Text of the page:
I’ve had a literary crush on Fathom magazine for a long time and this summer I decided to do something about it.
First, I made it a goal to get something published on the internet before my birthday (which is tomorrow, Sep. 12). I pitched an article to a website where an online acquaintance had published a few pieces, which gave me confidence to give it a shot. They accepted, edited, and published that piece about a month ago.
But my true literary crush was on a magazine called Fathom. Listen to the way they describe themselves:
“We believe indulging our curiosity acts like a weight to pull us beyond the surface of our faith. More than just knowledge waits for us when we forsake the shallows. In fact, we will find out how little we know as we plunge deeper. In the depths we are shaped into Christians who embrace empathy, honor humility, desire intellectual integrity, laugh a lot, and believe in beauty. At least that’s the kind of Christian we hope to help cultivate with Fathom.”
Curiosity acts like a weight to pull us beyond the surface? I loved that image, I instantly loved the writing, and I loved the nautical imagery that informed the aesthetic and the language of the magazine (I mean, I am a Navigator for life, after all.) They publish everything I love–thoughtful essays, reviews, and commentary from a Christian perspective, as well as poetry, short stories, and really excellent interviews with Christian visual artists. I’ve been reading it for about a year and have spent some time online getting to know some of the people who write for it. I am hooked. (Fishing pun very much intended.)
Eventually–in honor of my birthday goal–I worked up my courage and pitched them an article for their issue on Image that came out today. I typed the pitch quickly, submitted it, and tried not to overthink it. It was out of my hands.
They wanted a full article but I was about to leave the land of the internet for a trip up north. Again, I wrote quickly, trying to get my draft in by the deadline, submitted it and tried to walk away without obsessing over it.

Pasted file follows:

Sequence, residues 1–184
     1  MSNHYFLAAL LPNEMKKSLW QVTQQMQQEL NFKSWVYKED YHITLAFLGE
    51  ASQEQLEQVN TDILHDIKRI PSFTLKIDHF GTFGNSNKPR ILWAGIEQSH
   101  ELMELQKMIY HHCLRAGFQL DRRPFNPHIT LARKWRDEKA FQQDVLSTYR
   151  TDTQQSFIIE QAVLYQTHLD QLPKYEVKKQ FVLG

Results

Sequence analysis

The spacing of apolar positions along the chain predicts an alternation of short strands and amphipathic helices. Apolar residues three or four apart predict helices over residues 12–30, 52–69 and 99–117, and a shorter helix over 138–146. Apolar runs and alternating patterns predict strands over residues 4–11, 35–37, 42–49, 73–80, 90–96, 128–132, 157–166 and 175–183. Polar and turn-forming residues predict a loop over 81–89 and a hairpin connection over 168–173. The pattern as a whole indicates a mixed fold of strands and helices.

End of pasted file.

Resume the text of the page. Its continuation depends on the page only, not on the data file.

Then, just when I was about to give up on the piece thinking that my draft hadn’t lived up to my pitch or my own standards for myself, I got an email back from the editor saying they loved my piece AND wanted it to be the feature article for this month’s online magazine! I can’t for the life of me *fathom* why they chose my article as the feature, because the magazine is seriously packed with intelligent, creative, and deeply moving content by writers with far higher qualifications. I’m honored to be in such company. (Seriously, read the whole thing. You won’t be disappointed. Quality writing and important insights abound.)
In case you’re wondering, the thesis of my piece is that imitation doesn’t stifle our imagination but feeds it. We need images of people doing what we want to do, and we are endowed by our creator with the gift of imitation when we learn to imitate in love. It’s a natural process of discipleship that applies to the way babies learn to be adults, the way young Christians learn to mature in the faith, and I propose it also applies to aspiring creatives learning to produce original works of art.
What’s more, they were also willing to publish my latest poem, too, which actually means almost more to me. There is really no way to know if you’re actually achieving your goal of writing poetry until someone else reads it and recognizes it as poetry. Otherwise, you sort of feel like you’re just scribbling nonsense. To have a poem filed under the Poetry section of such a publication is a dream come true for me.
I’ve really enjoyed getting to work with a couple different editors and to watch my ideas be polished, improved, and given a place among good company. Thanks for reading and for cheering on this amateur. It means the world to me!